College can be an exciting but extremely stressful part of our journey into adulthood. It’s the first time that we have the power to choose where we want our lives to go. We get the chance to choose the career path that we have to be happy with for the rest of our lives! No pressure, right? Wrong.
The more research I’ve done, the more I see that anxiety is a growing problem among young people – especially college students. Plus, I have my own personal experience with this….
Anxiety is a topic that I’ve kept quiet about, but always wanted to address. I think if more people were willing to discuss it and were willing to realize just how many people are affected, there wouldn’t be such a stigma about this.
Here’s the thing: Anxiety is so much more than just getting nervous. Anxiety is an internal life altering condition that can affect the way a person thinks, feels, and lives their life. Anxiety is also not the same thing as stress, though they are used interchangeably. Stress is caused by external circumstances, and majority of the time, it can easily be controlled or managed.
Anxiety affects millions of people every single day. It doesn’t discriminate. Research has shown that people from ages 16-25 years old are more likely to experience and suffer from anxiety due to the high demands and pressures of society. Interested in learning more? Read here.
As someone who has experienced anxiety, I know how debilitating it can be. You feel alone, misunderstood, and you constantly feel like you’re a prisoner of your own thoughts. That’s a lot to take on at such a young age!
However, I know I’m not the only one who has felt this way before. I know that there many people who choose to remain silent due to fear and judgement. I also know that I’m not one of those people anymore. So, if you’re like me and live with anxiety, I’ve compiled a list of ways to help you manage college life along with keeping your health in check.
- Breathe: I know firsthand how classes, professors, assignments, projects, and presentations can completely overwhelm you. Take a few deep breaths. If you find yourself in that place of anxiousness, stop for a moment. Go somewhere quiet and take in a few deep breaths. Focusing on inhaling and exhaling sends oxygen to your brain and stops the anxiety from occurring.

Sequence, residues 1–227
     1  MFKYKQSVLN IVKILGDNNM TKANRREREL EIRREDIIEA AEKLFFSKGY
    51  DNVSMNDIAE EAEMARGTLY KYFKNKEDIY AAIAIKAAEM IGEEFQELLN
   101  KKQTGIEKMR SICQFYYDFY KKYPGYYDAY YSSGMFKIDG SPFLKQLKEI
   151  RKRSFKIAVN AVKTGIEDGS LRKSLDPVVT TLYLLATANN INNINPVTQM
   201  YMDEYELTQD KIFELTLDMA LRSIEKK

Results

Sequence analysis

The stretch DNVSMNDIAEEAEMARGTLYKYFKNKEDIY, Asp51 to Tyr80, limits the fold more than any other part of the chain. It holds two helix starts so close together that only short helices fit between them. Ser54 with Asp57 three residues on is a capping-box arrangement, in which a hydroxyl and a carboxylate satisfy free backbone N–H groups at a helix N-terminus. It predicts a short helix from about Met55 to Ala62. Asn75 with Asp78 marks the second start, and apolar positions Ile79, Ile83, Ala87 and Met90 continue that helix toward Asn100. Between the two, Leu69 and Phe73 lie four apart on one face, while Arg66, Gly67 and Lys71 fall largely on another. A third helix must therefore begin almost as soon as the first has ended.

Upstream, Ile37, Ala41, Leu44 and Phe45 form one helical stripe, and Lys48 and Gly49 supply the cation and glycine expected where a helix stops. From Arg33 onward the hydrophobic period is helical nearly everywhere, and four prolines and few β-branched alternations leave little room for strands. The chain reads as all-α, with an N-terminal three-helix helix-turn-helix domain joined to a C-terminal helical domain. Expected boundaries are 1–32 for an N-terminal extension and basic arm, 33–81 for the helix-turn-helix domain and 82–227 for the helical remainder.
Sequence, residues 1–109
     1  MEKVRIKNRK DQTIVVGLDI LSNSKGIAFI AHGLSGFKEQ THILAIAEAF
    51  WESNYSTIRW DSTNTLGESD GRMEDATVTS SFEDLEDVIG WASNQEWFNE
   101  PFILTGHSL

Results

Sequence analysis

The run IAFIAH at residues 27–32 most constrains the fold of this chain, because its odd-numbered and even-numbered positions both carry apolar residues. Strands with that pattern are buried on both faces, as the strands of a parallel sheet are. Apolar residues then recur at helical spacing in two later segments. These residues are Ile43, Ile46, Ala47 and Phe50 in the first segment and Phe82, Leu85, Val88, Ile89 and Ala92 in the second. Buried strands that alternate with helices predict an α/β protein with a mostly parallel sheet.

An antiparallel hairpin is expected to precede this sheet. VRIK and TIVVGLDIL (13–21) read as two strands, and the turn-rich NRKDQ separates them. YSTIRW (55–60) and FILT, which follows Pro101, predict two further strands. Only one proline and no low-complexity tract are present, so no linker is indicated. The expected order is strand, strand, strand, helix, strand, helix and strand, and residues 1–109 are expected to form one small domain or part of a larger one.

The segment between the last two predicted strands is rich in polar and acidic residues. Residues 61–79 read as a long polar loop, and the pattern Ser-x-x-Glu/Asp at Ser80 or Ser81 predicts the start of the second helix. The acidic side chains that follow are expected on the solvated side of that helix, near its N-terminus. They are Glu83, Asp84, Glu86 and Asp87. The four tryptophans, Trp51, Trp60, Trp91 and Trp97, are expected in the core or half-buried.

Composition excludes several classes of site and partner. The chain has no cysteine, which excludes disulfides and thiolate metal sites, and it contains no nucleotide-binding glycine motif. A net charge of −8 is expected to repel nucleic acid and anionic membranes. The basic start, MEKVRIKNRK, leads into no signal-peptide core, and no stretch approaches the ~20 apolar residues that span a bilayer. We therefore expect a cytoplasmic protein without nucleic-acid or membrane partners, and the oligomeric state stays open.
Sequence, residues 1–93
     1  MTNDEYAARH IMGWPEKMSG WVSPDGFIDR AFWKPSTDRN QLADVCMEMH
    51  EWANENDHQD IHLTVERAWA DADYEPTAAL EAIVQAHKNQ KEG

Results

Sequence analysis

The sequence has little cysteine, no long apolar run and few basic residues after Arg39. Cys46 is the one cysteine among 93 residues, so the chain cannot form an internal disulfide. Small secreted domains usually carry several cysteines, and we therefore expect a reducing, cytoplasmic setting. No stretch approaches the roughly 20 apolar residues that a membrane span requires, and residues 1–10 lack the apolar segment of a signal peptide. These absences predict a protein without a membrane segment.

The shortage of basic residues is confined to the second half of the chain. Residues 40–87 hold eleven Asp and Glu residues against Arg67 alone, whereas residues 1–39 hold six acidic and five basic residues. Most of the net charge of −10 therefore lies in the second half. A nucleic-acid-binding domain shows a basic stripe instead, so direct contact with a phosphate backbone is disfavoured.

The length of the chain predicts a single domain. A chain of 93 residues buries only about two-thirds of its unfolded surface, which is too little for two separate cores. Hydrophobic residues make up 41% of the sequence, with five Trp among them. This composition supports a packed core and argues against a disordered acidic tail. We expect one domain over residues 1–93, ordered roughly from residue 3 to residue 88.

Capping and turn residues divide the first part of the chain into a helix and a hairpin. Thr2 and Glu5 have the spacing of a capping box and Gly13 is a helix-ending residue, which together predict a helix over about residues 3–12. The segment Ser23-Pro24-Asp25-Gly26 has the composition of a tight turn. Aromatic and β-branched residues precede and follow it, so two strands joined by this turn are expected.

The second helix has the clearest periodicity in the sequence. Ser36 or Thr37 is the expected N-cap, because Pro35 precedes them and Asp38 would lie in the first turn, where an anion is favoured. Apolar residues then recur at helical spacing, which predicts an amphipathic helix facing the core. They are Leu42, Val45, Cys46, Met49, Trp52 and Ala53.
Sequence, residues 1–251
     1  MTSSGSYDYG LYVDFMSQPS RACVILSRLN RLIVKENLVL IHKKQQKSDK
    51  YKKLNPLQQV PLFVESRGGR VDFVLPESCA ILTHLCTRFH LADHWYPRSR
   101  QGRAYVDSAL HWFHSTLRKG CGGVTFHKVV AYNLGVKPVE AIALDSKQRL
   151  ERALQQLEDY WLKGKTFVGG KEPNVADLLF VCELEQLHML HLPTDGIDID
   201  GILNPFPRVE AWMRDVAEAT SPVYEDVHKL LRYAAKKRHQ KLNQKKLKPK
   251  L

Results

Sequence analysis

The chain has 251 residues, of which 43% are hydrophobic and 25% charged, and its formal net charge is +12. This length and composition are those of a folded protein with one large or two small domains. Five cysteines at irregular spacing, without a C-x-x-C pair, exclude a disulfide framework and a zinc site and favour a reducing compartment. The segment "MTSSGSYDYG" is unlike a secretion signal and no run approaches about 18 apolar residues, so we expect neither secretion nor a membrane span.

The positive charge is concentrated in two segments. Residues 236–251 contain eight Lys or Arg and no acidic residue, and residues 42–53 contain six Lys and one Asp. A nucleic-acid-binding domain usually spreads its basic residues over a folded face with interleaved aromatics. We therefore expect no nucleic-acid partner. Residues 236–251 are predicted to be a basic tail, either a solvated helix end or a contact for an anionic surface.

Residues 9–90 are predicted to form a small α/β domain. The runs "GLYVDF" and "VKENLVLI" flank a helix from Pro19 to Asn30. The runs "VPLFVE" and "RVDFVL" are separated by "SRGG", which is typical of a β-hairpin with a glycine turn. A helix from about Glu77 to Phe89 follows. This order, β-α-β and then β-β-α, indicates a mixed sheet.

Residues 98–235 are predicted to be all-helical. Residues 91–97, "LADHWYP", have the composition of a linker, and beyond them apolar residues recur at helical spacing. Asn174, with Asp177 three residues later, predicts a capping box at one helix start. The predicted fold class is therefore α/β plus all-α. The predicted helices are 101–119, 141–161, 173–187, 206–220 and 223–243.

- Watch What You Eat: While it is important to have a balanced, healthy diet, I’m not talking about food here. Watch what you feed your soul. Are you constantly digesting negativity? Are you indulging yourself in the judgments of others? If yes, stop. It’s unhealthy and will only feed your fears. Instead, surround yourself with positivity. Read positive blogs, read positive affirmations, and of course, surround yourself with positive people.
- Talk: One of the best ways to combat anxiety is to talk it out. Find someone you trust – whether that is a family member or close friend. Allow yourself to be vulnerable, but avoid people who are only going to use that vulnerability against you. When you confide in someone about your anxiety, be very selective. Not everyone is going to understand your journey. But, when you find that special person that you feel that you can open up to, do it. Don’t hide yourself. Be prepared though for frustrating and hurtful times on both of your parts. If the person that you talk to doesn’t have anxiety, be patient with them as they try to understand what you’re going through. Realize that it’s not easy for them to understand, but by being as straightforward as possible, you’ll help them know you a little better. Don’t be afraid to let someone see the dark side of you. If they truly love you, they won’t walk away from your friendship or relationship.
- Let Your Professors Know What’s Up: Anyone living with anxiety knows that some days are better than others. Some days, you’re fine, and some days, you struggle to get out of bed. Anxiety can hit you out of nowhere. If that happens, and you find yourself having to leave or miss class because of it, let your professor know what’s going on. You don’t need to go into explicit detail, but give them a heads up. You don’t want them to think that you’re merely skipping class or are just plain irresponsible. It might be embarrassing, but chances are they will understand and your grade won’t suffer because of it.
- Self-Care/Self-Love: This is probably the most important tip. Learning to love yourself despite your anxiety is hard. Very hard. But, it is oh so necessary. Every day, take some time out to do something you enjoy. Make time in your busy schedule for YOU. Take a walk, play with your pet, read your favorite book, listen to your favorite song, do Yoga, exercise…allow yourself to be happy.
Bottom line is that living with anxiety sucks. It sucks more when you’re in college. But there are so many ways to get help and keep your anxiety level low. Be confident. Be brave. Be bold. Be you.